Thursday, January 13, 2011

Palin Decries Blood Libel

I find it not only offensive that any member of the media would attempt to link political vitriol to a human tragedy such as we have all just witnessed, I find it unfathomable.  How can a person be so juvenile and ethically challenged to go after an event like this in this manner?

Palin here sets the right note in response to this behavior.  I am also beginning to think that she has a lot more to do with the writing of her speeches than anyone gives her credit for.  Her voice is just too distinct to be cribbed.  In this she shares a commonality with Ronald Reagan.  In both their individual voices were too important to not assist in the writing.  I know myself, that any statement I was asked to give would be rewritten by me in order to use my own voice.  It is the nature of a writer.

As usual her opponents have once again covered themselves in cow shit with their actions.  Had it any real effect anymore, one could care, but the public has heard enough to dig in their heels and to plug their ears.  Enough!

Palin Blasts 'Reprehensible Blood Libel' Over Arizona Shooting
Wednesday, 12 Jan 2011 10:01 AM

By David A. Patten
Sarah Palin has released an Internet video condemning the crass politicization of the shooting rampage in Tucson that killed or wounded 20 victims, calling it “reprehensible” and a “blood libel.”

Palin’s video, titled “America’s Enduring Strength,” is her first extended remarks on the tragic shooting on Saturday.

“After this shocking tragedy,” says Palin, “I listened at first puzzled, then with concern, and now with sadness, to the irresponsible statements from people attempting to apportion blame for this terrible event."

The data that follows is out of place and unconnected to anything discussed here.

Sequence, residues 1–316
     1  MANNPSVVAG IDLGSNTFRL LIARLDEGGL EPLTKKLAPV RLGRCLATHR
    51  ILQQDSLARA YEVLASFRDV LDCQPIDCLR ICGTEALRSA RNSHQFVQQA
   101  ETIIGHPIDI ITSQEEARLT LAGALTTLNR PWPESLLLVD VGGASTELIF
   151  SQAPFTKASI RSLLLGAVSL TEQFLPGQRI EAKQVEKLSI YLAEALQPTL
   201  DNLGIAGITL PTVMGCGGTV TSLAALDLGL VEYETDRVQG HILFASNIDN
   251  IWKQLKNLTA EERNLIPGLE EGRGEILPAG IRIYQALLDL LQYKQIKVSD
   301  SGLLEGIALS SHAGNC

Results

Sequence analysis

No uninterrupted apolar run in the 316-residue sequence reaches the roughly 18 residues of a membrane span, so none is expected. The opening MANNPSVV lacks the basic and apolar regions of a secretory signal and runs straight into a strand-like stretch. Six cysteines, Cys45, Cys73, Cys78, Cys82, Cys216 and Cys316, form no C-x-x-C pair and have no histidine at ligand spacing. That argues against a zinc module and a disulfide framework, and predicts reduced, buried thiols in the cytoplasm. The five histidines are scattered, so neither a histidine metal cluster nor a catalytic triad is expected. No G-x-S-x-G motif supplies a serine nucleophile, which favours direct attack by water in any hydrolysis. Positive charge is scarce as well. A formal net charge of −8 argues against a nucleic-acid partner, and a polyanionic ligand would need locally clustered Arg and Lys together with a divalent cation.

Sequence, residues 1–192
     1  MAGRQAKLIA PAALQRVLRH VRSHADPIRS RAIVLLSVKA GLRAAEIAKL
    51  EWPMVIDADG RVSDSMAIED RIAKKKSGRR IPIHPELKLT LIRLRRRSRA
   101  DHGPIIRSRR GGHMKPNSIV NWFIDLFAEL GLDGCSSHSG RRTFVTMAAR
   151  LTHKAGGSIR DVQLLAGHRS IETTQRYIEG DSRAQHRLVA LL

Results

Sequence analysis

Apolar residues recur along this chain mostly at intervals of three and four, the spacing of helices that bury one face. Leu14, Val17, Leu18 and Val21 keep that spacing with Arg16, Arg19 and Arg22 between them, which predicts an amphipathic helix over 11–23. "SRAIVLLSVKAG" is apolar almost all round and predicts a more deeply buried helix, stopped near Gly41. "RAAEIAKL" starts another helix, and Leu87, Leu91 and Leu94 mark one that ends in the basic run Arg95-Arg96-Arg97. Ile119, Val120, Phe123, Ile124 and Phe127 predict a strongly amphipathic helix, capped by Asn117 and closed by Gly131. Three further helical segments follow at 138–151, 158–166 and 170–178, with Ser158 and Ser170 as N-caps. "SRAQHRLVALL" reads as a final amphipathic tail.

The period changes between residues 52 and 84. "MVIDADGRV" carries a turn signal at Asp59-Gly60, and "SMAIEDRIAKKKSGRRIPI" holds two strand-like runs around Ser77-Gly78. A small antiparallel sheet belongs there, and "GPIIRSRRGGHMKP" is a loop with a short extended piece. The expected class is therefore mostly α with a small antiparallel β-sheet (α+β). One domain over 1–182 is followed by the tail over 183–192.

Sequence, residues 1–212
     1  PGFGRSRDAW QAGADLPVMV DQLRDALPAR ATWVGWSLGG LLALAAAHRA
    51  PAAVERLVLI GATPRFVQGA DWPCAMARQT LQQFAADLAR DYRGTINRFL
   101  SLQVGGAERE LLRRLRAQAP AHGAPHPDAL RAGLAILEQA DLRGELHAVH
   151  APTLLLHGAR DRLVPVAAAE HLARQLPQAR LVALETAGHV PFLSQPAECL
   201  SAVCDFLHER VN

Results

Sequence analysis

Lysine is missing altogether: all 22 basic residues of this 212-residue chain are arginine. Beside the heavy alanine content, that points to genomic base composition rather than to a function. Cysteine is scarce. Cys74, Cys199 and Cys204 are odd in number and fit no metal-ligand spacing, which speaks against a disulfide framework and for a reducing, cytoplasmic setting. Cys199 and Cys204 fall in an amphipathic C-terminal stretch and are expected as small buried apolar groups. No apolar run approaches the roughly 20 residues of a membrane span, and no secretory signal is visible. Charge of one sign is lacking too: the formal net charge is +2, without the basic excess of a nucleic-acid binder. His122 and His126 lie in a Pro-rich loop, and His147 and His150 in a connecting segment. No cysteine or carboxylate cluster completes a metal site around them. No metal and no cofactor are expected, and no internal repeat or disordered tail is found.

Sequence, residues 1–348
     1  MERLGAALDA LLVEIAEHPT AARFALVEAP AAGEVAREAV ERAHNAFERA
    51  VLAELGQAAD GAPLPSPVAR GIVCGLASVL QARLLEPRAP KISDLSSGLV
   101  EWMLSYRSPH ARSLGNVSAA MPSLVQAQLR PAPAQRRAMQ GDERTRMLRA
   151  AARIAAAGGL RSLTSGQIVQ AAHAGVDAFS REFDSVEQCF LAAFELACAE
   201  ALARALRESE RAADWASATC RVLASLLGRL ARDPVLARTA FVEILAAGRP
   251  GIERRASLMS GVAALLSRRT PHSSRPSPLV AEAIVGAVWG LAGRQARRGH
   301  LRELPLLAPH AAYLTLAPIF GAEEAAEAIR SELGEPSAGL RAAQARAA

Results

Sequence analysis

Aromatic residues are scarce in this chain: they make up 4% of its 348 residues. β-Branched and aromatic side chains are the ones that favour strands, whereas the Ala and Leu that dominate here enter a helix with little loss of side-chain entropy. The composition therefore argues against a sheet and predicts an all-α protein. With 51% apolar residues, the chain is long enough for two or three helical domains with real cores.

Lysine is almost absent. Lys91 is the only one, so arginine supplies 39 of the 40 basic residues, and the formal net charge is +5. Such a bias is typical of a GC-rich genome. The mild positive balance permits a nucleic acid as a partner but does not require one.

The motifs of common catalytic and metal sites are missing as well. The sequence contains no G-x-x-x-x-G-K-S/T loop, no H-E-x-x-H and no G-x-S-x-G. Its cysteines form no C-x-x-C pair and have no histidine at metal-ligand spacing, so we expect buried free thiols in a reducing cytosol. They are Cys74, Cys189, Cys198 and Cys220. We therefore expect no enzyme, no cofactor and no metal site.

Story continues below video.

Sarah Palin: "America's Enduring Strength" from Sarah Palin on Vimeo.

Responding to allegations from some on the left that her rhetoric and a map that appeared to target Democrats for defeat somehow had fomented a violent political atmosphere, Palin reminds listeners in the video that she has spoken out repeatedly against violence.

“As I said while campaigning for others last March in Arizona during a very heated primary race, ‘We know violence isn’t the answer. When we ‘take up our arms,’ we’re talking about our vote,’” Palin says in the video, which runs about eight minutes.

Within hours of the shooting rampage  which is believed to be the work of a mentally troubled 22-year-old, pundits and progressive Democrats pointed the finger at Republicans, blaming them for superheated political rhetoric that they said could incite someone who was mentally unbalanced.

Only later did the facts emerge: The gunman’s statements appear to indicate he suffered from paranoid delusions and did not appear to have a coherent political philosophy. Moreover, his first angry encounter with critically wounded Democratic Rep. Gabrielle Giffords came in 2007, well before the rise of Sarah Palin and the tea parties to national prominence. 

National religious and conservative figures, including the Rev. Franklin Graham, columnist and author Michael Reagan, and Media Research Center watchdog L. Brent Bozell, have come to Palin’s defense. The attacks on Palin appear to be based primarily on symbols used to designate vulnerable Democratic-held congressional districts on a map posted to her Facebook page nine months ago.